You’re learning German but you feel lost, confused, frustrated?
Then you’ve come to the right place!
Here you can find answers and solace. And fun.
And dumb cat pictures… so basically all you need :)

Never miss a post

Sign up here and get an email whenever there's a new bit of German to learn

Join 4,490 other subscribers

New here?

There’s lots to explore and learn! In the Word of the Day section you can find lots and lots of useful words, all explained with tons of examples.
If you feel more like grammar… in the course section you can find explanations on stuff like cases, adjective endings or word order.
And if you want to practice a but, check out the Work Out section. There, you can find listening exercises and some other stuff.
Viel Spaß!!

Complete beginner?

Before you dive into vocab and cases and word order, there are a few basics you need to have.
Start with the pronouns here.
or get right to the verbs here.

Word of the Day – “der Staub”

staub-meaningHello everyone,

and welcome to our German Word of the Day. This time we’ll have a look at

der Staub

and we don’t have to look very far to find it. Actually, I’m looking at it right now because it’s on my screen. But we can find it anywhere… on our books, on our shelves, under our beds, on our plants, even on our pizza. At least I had some on mine. I’m a slow eater, I guess. Or maybe it’s just time to vacuum again. Anyway, Staub is all around us and no, it’s not love. Continue reading

Prefix Verbs Explained – “übergehen”

uebergehen-meaningHello everyone,

and welcome to another epic-sode of the epic series about German Prefix Verbs. What’s so epic about it?
Well, this is you speaking German without knowing about prefix verbs, and
this is you is you after you mastered them. Yeah. Can’t wait. So let’s get right to it and have a look at the meaning of


Many prefixes have two quite distinct notions.  Über, the German version of over,  is easy on us in that it has only one. Or one and a half. It can express above-ness and across-ness and when you think about they’re closely connected. Across usually involves above. Just think of crossing a bride. You can’t do that when you’re under it.  And speaking of crossing a bridge… we could also say going over a bridge. Hmmmm. Could that already be the meaning of übergehen???
Of course it is…
Continue reading

False Friends Explained – “irritieren vs. irritate”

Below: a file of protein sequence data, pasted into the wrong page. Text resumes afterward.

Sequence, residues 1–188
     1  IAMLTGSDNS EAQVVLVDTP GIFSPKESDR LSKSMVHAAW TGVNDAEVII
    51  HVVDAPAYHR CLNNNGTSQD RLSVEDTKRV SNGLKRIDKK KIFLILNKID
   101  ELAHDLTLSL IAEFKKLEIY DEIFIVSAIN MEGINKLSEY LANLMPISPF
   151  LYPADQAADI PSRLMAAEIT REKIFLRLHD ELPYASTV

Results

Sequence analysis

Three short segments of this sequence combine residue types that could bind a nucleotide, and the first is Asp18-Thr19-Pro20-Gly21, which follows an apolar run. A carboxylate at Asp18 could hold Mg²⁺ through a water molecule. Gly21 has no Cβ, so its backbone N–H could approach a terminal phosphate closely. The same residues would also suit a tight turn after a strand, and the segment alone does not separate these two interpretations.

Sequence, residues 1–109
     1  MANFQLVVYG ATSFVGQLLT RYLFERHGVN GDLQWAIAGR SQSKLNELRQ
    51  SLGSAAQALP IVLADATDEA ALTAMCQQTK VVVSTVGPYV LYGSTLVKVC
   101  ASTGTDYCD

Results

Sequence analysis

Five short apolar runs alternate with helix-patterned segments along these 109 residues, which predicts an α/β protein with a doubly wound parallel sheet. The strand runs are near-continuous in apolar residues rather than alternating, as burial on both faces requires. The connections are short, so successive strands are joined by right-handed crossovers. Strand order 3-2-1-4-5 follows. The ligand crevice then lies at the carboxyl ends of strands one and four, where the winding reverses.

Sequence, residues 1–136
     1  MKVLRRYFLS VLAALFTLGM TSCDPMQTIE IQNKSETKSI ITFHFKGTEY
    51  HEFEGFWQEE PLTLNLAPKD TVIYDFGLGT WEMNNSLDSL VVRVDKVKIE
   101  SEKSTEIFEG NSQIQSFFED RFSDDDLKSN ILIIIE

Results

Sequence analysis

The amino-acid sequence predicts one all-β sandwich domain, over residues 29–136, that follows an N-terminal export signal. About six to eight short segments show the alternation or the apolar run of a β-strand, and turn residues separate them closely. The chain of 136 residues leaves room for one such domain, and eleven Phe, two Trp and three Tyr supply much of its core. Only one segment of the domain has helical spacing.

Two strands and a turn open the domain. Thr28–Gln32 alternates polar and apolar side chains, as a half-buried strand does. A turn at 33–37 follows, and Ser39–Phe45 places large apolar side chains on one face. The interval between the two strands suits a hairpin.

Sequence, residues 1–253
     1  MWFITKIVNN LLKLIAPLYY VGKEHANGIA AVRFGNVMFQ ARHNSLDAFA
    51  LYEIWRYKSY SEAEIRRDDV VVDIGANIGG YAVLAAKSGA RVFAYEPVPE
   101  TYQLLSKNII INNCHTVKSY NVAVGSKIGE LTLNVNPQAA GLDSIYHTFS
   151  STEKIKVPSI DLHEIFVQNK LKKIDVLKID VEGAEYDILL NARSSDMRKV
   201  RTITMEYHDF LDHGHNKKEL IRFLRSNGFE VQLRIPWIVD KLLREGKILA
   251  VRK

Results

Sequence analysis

irritating-irritierend-falsHello everyone,

and welcome to another eposide of False Friends Explained. In these posts we look at a pair of false friends and see why they are false, what to use instead and of course … who screwed up, English or German.
Today we’ll look at

irritieren vs irritate

And this pair is actually dangerous. Because it can lead to a serious misunderstanding, particularly on the English speaking side. Here’s an example… Continue reading

Word of the Day – “umständlich”

umstandlich-meaningHello everyone,

and welcome to a word that is part of the German language, and to which, although it is not connected to this very day, or any day in particular, we, if only for the sake of tradition, assign the predicate “of the day”.
And if you’re now like “What the hell was that?”  – wonder no more, for today we’ll look at the meaning of


If you need an example for what umständlich is, German grammar has you covered. Continue reading

Prefix Verbs Explained – “anmachen”

anmachen-meaningsHello everyone,

and welcome to another episode of German Prefix Verbs Explained. And wow, is today’s word useful. It can help you when it’s dark, it can help you when you’re single and it can help you if you want to eat a nice, tasty salad. Oh but you need to be careful, because it can also get you in trouble.
Now you’re like… “Wow, that’s broad, even for German prefix verb. What is that mystery verb?”
Well, ladies and gentlemen,  get  ready for a look at


Continue reading

Word of the Day – “der Zweck”

zweck-meaningHello everyone,

and welcome to our German Word of the Day. This time we’ll take a look at the meaning of

der Zweck

Back in the 8th century a Zweck was something like a small nail or pin.  to be a small nail and in the 14th century is was especially often used in context of fixing your target on a tree or a wall for archery training. Not everybody was a good shot. One king in particular had a really bad aim. And so one day, at target practice, this happened: Continue reading